An unforgettable moment in time: Northampton writer’s new book revisits the 1986 space shuttle disaster

  • STAFF PHOTO/KEVIN GUTTING

  • Northampton author Kevin Cook revisits the 1986 space shuttle Challenger disaster in his new book, “The Burning Blue.”  STAFF PHOTO/KEVIN GUTTING

  • Northampton author Kevin Cook revisits the 1986 space shuttle Challenger disaster in his new book, “The Burning Blue.”  STAFF PHOTO/KEVIN GUTTING

  • “The Burning Blue” offers fresh portraits of the crew members of the ill-fated Challenger, including Massachusetts native Christa McAuliffe, the “Teacher in Space.” 

  • The horrific aftermath of the explosion of the booster rockets of the Challenger was seen by millions in real time on Jan. 28, 1986. Below, author Kevin Cook revisits the disaster in “The Burning Blue.” NASA

  • Christa McAuliffe, second from left in back row, was joined on the flight by a second civilian, aircraft engineer Greg Jarvis, to McAuliffe’s left. NASA

  • The space shuttle Challenger lifts off from Cape Canaveral in Florida on Jan. 28, 1986. Image courtesy NASA/public domain

  • Ice encrusts the launch tower the morning of the Challenger liftoff. Record cold loosened seals called O-rings on one of the booster rockets, allowing hot gas to escape and ignite. Image courtesy NASA/public domain

  • NASA’s “Crawler” delivers the Challenger to the launch pad on Cape Canaveral. Courtesy Photo from U.S. civilian/NASA/public domain

  • Teacher Christa McAuliffe rides with her children Caroline and Scott during a parade in 1985 down Main Street in Concord, N.H. McAuliffe was one of seven crew members killed in the Challenger explosion. AP

  • This Sept. 26, 1985 photo made available by NASA shows astronaut Sharon Christa McAuliffe. The high school teacher from Concord, N.H., never got to teach from space. She perished during the 1986 launch of shuttle Challenger, along with her six crewmates. (NASA via AP) —AP

  • The Space Shuttle Challenger explodes on Jan. 28, 1986, shortly after lifting off from Kennedy Space Center. AP

Staff Writer
Published: 7/2/2021 9:07:22 AM

Before the terrible pictures from the September 2001 terrorist attacks in New York City and Washington, D.C. became embedded in our collective memories, there was another image, of another disaster, that left a searing memory for millions of Americans.

On the fateful day of Jan. 28, 1986, NASA’s space shuttle Challenger exploded shortly after takeoff, killing the crew of seven, including Christa McAuliffe, a high-spirited social studies teacher who had won a nationwide contest to be the first “Teacher in Space’’ — in the process becoming a national celebrity and spokeswoman for teachers everywhere.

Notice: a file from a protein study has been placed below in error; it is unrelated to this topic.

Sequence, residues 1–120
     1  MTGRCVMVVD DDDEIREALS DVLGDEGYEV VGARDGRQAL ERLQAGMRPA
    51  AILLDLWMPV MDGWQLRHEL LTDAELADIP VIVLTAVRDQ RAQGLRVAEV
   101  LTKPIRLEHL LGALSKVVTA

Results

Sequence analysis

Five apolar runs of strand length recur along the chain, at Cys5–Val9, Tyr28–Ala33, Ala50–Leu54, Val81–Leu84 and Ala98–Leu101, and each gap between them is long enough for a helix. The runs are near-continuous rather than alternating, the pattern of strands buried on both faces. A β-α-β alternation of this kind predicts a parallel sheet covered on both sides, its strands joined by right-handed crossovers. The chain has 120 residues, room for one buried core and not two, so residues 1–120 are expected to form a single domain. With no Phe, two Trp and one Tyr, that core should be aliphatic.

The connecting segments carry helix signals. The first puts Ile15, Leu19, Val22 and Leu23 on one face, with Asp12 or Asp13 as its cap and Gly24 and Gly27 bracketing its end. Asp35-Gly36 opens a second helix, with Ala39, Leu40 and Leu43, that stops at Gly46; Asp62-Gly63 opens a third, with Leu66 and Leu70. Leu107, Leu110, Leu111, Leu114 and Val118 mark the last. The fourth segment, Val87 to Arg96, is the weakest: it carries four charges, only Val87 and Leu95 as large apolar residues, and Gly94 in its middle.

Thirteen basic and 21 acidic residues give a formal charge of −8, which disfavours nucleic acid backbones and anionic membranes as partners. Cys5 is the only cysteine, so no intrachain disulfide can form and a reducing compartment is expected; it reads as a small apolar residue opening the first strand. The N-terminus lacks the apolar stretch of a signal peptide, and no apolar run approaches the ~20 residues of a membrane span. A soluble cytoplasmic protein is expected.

Television images of the explosion, just 72 seconds after the shuttle and its giant booster rockets had lifted off from Cape Canaveral in Florida, were replayed endlessly, and in the weeks and months that followed, details that were revealed about the shortcuts and mistakes NASA had made to get this particular space shuttle in the air would darken the tragedy.

In his new book, “The Burning Blue,” Northampton writer Kevin Cook vividly recalls the story, combining an extensive review of past sources with fresh interviews with many people connected to the disaster: NASA engineers, former astronauts, family of the dead crew members. In tight, lean prose, he sketches a memorable portrait of McAuliffe and the Challenger crew members, and he examines a little-known aspect of the disaster: the crew survived the initial explosion and likely tried to steer the space shuttle cabin back to earth.

In a recent phone interview, Cook, a one-time editor for Sports Illustrated and the author of 10 books, said he can still recall where he was (in southern California) when the Challenger exploded, and he remembers being pretty familiar at the time with the details of Christa McAuliffe’s story “because she had become a real celebrity. But I couldn’t remember anything about the other crew members.”

With the renewed attention in recent years on space flight, and the creation of private companies to take public figures such as Elon Musk, Jeff Bezos and Richard Branson into space, Cook said he was interested in revisiting the Challenger disaster, in particular to find out more about the other crew members and their team dynamics — and to remind readers of the decisions made without the astronauts’ knowledge that led to their deaths.

“I think when you look at these initiatives today, like a private-public partnership to send a mission to Mars, you have to be concerned you might see the same cost-cutting measures and political pressures” that contributed to the Challenger disaster, he said.

Reaching for the stars

In “The Burning Blue,” Cook traces McAuliffe’s youth — she was born Sharon Christa Corrigan in 1948 — in Framingham, Massachusetts, her marriage to her high school sweetheart, Steve McAuliffe, and the family they raised in Concord, New Hampshire, where she became a popular middle school and then high school teacher.

A perpetually busy person, she only filled out the application to become part of the NASA space shuttle program at the last minute, and she never dreamed she’d win the slot.